PRIME Minister Narendra Modi prostrates before Delhi’s Parliament House, venerating it as ‘Temple of Democracy’. At Capitol Hill in Washington DC, he uses the same superlative for the US Congress: “This temple of democracy has encouraged and empowered other democracies the world over… It manifests the spirit of this great nation… In granting me this opportunity, you have honoured the world’s largest democracy and its 1.25 billion people… As a representative of world’s largest democracy, it is indeed a privilege to speak to the leaders of its oldest.”
On June 26, the 41st anniversary of Emergency, PM Modi said this in his Mann ki Baat: “The night of June 25-26, 1975, was the darkest night for democracy. All rights of citizens were taken away, country was turned into jail. Many political leaders like Jayaprakash Narayan were put behind bars… we are now in a democracy. Democracy is our strength.” These comments are eulogising India’s democracy. Has he ever bothered to look at its underbelly? If he had done so, he would have found it rusted, moth-eaten and crumbling, not something to be hyped about.
Country’s trackrecord of timely and efficient elections has given considerable prestige and legitimacy to India’s democratic polity and its politicians who are the beneficiaries. But the moot question is what kind of people get elected? Are they ‘leaders’ or ‘dealers’? Nearly a third of elected representatives face serious criminal charges such as murder, rape, abduction and offences relating to moral turpitude. Almost all of them have amassed wealth much beyond their known sources of income!
Successive governments did not lift a finger to set right things. However, the Supreme Court intervened and in its judgment in March 2003, directed all candidates contesting elections to file affidavits before the Returning Officers stating their criminal antecedents, assets and liabilities. This was meant to curtail criminal and money-power in elections. The same court on July 9, 2013, struck down Section 8 (4) in the Representation of People’s Act (RP Act) allowing MPs and MLAs to continue to be elected representatives even after they get convicted for criminal offences. On July 5, 2013, the apex court decreed that ‘Freebies shake the root of free and fair elections to a large degree’ and directed the Election Commission (EC) to frame guidelines for election manifesto.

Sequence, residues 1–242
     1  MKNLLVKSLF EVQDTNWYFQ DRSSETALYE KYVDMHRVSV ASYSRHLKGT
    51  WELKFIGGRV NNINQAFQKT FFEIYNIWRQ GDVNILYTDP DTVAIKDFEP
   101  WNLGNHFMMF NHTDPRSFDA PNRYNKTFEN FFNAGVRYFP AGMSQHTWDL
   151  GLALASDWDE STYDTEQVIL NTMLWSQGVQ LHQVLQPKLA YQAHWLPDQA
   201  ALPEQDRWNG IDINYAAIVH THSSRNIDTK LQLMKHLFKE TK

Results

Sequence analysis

Nearly a third of elected representatives face serious criminal charges such as murder, rape, abduction and offences relating to moral turpitude. Almost all of them have amassed wealth much beyond their known sources of income!
But all these have come to naught and the rot is deepening. We saw this glaringly in Tamil Nadu Election in 2016 where money power and freebies were in full flow. The role of money power is described by the EC in its order rescinding election in Aravakurichi and Thanjavur assembly constituencies: “Decision is based on the Commission’s assessment about the vitiated atmosphere in the constituencies created by the illegal use of money power to allure the electorate by unethical and unlawful means resorted to by the candidates and the parties.” The word ‘vitiated’ appears at several places in the Order. What was written of these two constituencies was applicable mutatis mutandis to almost the entire State!
EC’s Model Code of Conduct, 2014, (MCC) on freebies directs political parties and candidates to “avoid making those promises which are likely to vitiate the purity of the election process or exert undue influence on the voters in exercising their franchise”. Also, in the interest of transparency, level-playing field and credibility of promises, manifestos should “reflect the rationale for the promises and broadly indicate the ways and means to meet the financial requirements for it”.
Election Manifesto released by the AIADMK Party on May 5, 2016, just 10 days before the polling date, was in total violation of the Supreme Court judgment and the MCC. Earlier, the DMK had issued its manifesto with some freebies. EC did not take any action on these blatant violations except issuing a belated and weak notice to these parties, that too on the representation from civil society. No further action was taken, polling proceeded and government was installed in power. Post-poll surveys clearly revealed that the massive freebies offered in the manifesto were the clincher.
ADDED to these was the serious matter of seizure of huge cash of `570 crore at Tiruppur, just two days before election (around midnight of May 13-14, 2016) that had raised suspicion of humungous electoral bribing. The totally unbelievable story of this money (supposed to belong to SBI), moving from Coimbatore to Vizag, is yet to be fully investigated. On the orders of the Madras High Court, the CBI is looking into it. But, since this happened in an election-bound State under the virtual administration of EC, it is their responsibility to ascertain facts and initiate stringent action.
Why the rot?